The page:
For postgrad I learned how to use LaTeX instead and was able to move seamlessly between Mac, PC, and SGI Indys for my editing - and as a bonus the files were a lot smaller, which was useful when they all had to be stored on floppy disk for transit.

Electrocution? All part of the service, sir!


Re: caught the voltage switch while reaching for the power switch

All the ones I recall seeing on computers (a handful or two, I guess) have just been an exposed rocker switch.

BOFH: They say you either love it or you hate it. We can confirm you're going to hate it


Re: Deja vu!

> Mageia highlights only the file name before the extension when renaming - does Windows still highlight the whole name, including the extension? I am not interested enough to fire up my dual-booting laptop just to check

Nope; from about 7 onwards, I think, it initially only highlights the part before the extension. You can of course subsequently alter the selection as you choose, but if you just go click-pause-type, the extension will be untouched.

And if you do change the extension* it pops up a dialog to warn you that you might be making the file unusable and asking you if you really want to go ahead. Though of course the average user won't read the warning and will just press "OK" anyway.

* except in the case where it didn't have an extension originally

Microsoft made $167m a day in profit, every day, over the past 12 months


Re: The first RANSOMWARE O.S...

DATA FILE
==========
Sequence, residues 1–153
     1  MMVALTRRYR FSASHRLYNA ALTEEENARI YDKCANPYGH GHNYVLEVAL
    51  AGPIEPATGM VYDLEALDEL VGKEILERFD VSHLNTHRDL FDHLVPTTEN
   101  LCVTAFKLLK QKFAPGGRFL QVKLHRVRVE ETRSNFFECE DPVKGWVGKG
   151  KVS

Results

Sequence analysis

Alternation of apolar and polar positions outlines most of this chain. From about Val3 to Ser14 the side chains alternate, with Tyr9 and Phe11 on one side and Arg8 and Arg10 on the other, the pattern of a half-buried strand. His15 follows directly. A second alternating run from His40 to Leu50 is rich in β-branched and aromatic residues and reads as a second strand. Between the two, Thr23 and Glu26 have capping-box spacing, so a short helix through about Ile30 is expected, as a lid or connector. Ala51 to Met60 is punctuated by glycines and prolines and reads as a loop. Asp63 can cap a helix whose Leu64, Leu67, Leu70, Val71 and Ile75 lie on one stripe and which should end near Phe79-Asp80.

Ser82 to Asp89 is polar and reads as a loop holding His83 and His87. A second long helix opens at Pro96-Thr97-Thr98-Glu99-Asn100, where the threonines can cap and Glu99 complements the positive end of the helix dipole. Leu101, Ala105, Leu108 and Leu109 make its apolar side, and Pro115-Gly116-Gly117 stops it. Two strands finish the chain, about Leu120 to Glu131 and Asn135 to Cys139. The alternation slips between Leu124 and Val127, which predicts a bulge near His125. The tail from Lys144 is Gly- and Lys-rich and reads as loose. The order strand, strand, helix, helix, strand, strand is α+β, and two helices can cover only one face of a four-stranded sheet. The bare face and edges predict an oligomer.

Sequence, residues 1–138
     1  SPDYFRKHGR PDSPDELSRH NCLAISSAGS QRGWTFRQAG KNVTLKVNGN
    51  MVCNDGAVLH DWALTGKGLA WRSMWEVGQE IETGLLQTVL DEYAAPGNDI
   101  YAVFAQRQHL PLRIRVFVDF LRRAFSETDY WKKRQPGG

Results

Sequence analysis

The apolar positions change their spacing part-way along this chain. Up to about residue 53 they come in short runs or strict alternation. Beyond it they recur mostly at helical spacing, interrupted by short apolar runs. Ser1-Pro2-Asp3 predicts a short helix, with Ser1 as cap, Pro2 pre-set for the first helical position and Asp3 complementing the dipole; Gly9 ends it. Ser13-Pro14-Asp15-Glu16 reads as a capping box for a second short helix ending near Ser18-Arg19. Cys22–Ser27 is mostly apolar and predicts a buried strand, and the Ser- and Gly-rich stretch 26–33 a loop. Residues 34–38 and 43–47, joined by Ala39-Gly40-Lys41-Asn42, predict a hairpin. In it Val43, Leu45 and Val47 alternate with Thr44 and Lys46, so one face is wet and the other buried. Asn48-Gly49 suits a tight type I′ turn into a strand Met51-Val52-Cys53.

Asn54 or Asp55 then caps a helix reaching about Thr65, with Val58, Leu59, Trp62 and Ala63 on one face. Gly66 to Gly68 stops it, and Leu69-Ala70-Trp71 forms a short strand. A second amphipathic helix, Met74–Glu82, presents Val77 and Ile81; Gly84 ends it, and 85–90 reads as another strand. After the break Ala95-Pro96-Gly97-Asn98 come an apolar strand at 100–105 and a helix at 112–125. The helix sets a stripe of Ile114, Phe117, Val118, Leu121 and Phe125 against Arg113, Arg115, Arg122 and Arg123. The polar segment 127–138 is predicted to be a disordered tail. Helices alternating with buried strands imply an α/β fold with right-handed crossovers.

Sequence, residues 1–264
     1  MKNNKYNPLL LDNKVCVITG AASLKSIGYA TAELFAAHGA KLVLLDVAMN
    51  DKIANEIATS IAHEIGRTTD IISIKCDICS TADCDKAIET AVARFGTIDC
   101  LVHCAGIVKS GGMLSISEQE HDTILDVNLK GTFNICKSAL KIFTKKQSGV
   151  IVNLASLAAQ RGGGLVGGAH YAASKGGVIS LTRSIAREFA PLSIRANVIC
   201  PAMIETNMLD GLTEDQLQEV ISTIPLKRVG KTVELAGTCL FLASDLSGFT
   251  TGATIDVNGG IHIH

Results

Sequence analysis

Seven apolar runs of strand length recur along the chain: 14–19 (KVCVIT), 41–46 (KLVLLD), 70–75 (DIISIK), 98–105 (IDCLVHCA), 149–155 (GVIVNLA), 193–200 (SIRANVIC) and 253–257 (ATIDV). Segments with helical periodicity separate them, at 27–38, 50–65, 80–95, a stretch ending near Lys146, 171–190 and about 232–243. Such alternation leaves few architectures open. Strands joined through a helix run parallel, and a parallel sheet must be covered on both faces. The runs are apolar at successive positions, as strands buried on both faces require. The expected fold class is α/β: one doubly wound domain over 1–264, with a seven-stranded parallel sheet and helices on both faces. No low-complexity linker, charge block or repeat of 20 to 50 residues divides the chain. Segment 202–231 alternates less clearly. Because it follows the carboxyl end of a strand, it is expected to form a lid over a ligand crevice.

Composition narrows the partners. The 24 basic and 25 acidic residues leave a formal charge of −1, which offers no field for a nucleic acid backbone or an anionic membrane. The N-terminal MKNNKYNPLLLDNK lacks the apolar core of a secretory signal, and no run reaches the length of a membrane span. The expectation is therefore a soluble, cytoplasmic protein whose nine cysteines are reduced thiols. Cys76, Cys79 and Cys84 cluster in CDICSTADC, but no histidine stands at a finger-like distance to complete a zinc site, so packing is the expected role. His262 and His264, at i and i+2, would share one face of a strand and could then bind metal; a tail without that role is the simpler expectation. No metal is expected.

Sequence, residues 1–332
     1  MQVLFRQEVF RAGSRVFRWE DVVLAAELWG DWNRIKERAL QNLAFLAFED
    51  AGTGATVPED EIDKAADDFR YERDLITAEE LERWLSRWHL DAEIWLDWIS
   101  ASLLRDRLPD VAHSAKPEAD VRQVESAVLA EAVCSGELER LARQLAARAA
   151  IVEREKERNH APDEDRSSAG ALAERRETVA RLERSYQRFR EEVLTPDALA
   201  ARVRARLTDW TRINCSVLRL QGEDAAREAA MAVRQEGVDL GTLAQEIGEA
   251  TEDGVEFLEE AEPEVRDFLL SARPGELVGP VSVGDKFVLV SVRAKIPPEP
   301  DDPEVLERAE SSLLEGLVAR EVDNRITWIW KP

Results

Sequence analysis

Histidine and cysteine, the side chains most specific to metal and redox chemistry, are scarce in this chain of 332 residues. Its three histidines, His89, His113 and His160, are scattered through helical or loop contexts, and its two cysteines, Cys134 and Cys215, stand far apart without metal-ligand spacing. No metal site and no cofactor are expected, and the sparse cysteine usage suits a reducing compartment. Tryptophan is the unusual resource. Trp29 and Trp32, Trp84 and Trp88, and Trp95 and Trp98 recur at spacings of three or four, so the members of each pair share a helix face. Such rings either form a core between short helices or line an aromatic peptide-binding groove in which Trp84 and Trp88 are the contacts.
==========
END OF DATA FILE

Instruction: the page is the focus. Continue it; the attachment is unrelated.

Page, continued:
Right now I am struggling to get my daughter's old Win 7 laptop (which she uses for university) to activate her copy of Office again - I've tried enabling the TLS 1.2 stuff as per their article, without result - which took some searching to find since, of course, there was no error message, just a silent failure. And yes, Win 7 is no longer supported, but the computer likely won't manage an upgrade to Win10 since it struggles enough as it is. More memory would probably help, but I just don't have the money to keep my kids updated with modern hardware.

But Microsoft's certainly not earning any brownie points with me when it refuses to acknowledge my perfectly valid licence, and won't let my daughter save or edit documents in a few days' time.

So if I can't get this sorted we may have to try migrating her over to OpenOffice / LibreOffice instead, at least until we can afford to buy her a new machine. At which point it's going to be very tempting to burn her a live DVD of one of the alternatives and see how her system performs with it.

Games are the real problem with moving, of course.

Don't cross the team tasked with policing the surfing habits of California's teens


Re: Unions...

I'd have been tempted to retitle the positions as software typists. But that might have ruffled a few other feathers.